Grudem refers to the explicit teaching of Genesis 1-2, Revelation 4:11, Psalm 19:1, and Romans 1:20, among others to assert the Biblical view that the God who made the world and everything in it, is the God of Abraham, Isaac, Jacob, and Jesus.  While this view has been contested and even excluded from public education in America for decades, it is the clear biblical position.  Amalgamations of this view where Christian try to reconcile the Bible with evolution continue to be concocted (e.g. theistic evolution); however, such a marriage of faith and reason produces sterile offspring.  Scripture is clear: God made all things, and thus has creator rights over everything.  Biblically, man is not at liberty to govern apart from recognizing the creator.  Many attempts have been made to erect governments that deny deity, but God’s wisdom proves true, such disconnection from God will not sustain ethical living, and society suffers.

(2) The One True God Reveals Himself and His Moral Standards Clearly in the Bible

The God of creation is the God who reveals his character to his people.  In the Bible, God’s standard is seen in Genesis 2:17, when he warns Adam and Eve that disobedience results in death.  Likewise, as Grudem points out, God the creator is God the judge of all people.  He writes, “The moral standards that God reveals in the Bible are not simply moral standards for one particular church or one particular religion, but are the moral standards for which the one true God… will hold every single person accountable at the last judgment” (118).  To support his point, Grudem cites  1 Peter 4:4-5 and Acts 17:24, 30-31 which teach that the risen Christ has been given the scepter of God to rule and judge over all the earth (cf Psalm 2).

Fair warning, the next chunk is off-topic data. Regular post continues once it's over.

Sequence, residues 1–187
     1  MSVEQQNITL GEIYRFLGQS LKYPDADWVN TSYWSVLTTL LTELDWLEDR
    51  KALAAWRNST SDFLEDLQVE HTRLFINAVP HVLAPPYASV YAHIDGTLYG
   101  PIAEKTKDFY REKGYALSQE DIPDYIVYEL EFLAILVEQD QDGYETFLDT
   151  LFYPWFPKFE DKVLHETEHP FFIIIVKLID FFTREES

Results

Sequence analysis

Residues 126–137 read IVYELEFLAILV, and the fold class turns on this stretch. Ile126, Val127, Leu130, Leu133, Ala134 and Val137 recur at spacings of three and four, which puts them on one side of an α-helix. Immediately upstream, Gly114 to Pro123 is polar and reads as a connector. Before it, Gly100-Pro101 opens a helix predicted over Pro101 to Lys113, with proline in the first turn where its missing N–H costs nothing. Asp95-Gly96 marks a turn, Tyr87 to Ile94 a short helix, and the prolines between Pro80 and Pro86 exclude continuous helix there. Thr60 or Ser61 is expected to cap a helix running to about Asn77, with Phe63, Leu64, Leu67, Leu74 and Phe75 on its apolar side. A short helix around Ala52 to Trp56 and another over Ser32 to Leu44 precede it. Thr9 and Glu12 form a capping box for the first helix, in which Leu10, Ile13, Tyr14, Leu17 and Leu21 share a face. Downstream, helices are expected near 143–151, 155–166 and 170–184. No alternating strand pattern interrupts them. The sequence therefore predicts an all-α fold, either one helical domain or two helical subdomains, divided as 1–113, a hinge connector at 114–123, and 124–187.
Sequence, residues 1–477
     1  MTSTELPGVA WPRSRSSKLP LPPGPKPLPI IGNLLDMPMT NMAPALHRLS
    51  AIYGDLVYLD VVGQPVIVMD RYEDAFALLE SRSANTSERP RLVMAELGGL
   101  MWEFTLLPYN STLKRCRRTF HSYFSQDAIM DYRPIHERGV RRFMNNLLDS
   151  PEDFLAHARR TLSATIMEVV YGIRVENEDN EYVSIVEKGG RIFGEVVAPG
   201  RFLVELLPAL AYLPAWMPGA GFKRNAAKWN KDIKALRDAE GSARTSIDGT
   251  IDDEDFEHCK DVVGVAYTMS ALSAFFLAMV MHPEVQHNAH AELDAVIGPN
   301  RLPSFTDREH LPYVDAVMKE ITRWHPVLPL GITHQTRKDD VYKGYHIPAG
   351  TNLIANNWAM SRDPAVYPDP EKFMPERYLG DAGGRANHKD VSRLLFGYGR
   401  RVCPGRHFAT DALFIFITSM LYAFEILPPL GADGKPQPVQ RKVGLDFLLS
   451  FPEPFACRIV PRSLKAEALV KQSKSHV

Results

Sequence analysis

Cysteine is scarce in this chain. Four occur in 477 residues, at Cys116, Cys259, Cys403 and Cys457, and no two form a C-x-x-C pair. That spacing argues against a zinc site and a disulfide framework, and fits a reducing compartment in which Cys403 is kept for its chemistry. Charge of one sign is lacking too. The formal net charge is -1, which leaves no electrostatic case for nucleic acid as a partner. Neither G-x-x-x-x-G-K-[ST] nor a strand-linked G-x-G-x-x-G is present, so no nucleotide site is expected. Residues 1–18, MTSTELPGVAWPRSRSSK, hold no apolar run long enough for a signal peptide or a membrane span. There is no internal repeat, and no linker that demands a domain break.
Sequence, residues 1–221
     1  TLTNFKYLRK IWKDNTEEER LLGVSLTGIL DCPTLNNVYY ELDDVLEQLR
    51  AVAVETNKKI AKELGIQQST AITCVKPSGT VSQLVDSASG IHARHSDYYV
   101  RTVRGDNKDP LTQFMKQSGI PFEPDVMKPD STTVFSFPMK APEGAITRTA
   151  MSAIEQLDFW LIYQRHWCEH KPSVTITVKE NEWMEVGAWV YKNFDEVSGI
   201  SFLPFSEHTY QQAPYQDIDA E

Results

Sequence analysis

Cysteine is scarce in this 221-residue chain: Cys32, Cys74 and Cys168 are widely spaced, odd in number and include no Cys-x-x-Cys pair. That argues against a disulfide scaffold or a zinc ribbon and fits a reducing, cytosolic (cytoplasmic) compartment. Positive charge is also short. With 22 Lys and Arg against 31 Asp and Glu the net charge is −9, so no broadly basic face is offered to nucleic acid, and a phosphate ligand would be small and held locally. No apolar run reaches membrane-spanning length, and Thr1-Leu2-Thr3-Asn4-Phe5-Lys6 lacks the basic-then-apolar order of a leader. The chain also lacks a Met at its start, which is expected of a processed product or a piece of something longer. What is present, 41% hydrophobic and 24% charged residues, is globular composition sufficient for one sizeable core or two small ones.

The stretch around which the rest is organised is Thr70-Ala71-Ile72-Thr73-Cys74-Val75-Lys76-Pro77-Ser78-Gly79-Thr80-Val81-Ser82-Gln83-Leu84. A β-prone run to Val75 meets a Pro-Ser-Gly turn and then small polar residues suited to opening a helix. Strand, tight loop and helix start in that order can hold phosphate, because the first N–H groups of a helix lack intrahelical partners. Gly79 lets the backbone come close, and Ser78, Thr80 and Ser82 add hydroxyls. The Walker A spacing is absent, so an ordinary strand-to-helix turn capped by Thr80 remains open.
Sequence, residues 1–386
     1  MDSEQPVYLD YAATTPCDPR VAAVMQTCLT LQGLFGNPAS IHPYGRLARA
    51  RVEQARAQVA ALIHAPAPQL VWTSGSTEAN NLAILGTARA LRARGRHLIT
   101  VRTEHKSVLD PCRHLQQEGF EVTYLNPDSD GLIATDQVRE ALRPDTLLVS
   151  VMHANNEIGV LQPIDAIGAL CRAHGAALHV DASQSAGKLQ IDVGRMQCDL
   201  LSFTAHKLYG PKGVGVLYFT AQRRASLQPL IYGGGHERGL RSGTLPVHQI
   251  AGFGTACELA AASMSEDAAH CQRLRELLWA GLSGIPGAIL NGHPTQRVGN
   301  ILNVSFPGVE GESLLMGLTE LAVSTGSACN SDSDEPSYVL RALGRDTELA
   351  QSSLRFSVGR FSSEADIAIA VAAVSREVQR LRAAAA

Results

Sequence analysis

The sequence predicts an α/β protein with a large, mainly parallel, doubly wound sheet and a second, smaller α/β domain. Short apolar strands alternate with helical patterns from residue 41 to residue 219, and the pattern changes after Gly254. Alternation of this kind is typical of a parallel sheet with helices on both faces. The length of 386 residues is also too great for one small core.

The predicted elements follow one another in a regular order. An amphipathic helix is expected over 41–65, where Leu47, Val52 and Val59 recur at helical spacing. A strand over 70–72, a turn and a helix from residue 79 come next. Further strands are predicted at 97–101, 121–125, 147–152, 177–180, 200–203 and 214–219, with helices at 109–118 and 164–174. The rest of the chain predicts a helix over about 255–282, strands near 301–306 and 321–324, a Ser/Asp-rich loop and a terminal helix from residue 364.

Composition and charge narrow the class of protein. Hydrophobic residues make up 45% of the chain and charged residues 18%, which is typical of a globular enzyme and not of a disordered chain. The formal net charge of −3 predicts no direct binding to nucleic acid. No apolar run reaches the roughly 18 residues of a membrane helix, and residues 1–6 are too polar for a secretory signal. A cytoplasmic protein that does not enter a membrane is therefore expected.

This truth impacts the way we think about politics in that the standard for any official in government is not the cultural norm or the majority view, it is the character of God and the truth of God’s Word.

(3) The Original Creation was ‘Very Good’

Not only is God’s character revealed in creation (cf. Rom 1:20) and in his word (Exodus 20:1-17), but in creation itself, the goodness of God is perceived.  In Genesis 1:31 God judges his world and declares the verdict: “It is very good.”  Moreover, God tells the man to cultivate and keep the garden and to extend its borders to fill the earth with its cultivated beauty.  Had Adam and Eve not sinned, the people of God would have proliferated, spreading the glory of God over the whole earth (cf. Hab 2:14), exercising dominion and subduing all things as they were created to do.  Thus, in a perfect world government would have existed to promote the general welfare of God’s people (82).  As we think about politics in our day, it is helpful to remember the enterprise is not intrinsically evil and anarchy and malevolent governors are a result of sin.

(4) Because Adam and Eve Sinned, There is Moral Evil (‘Sin’) in the Heart of Every Human Being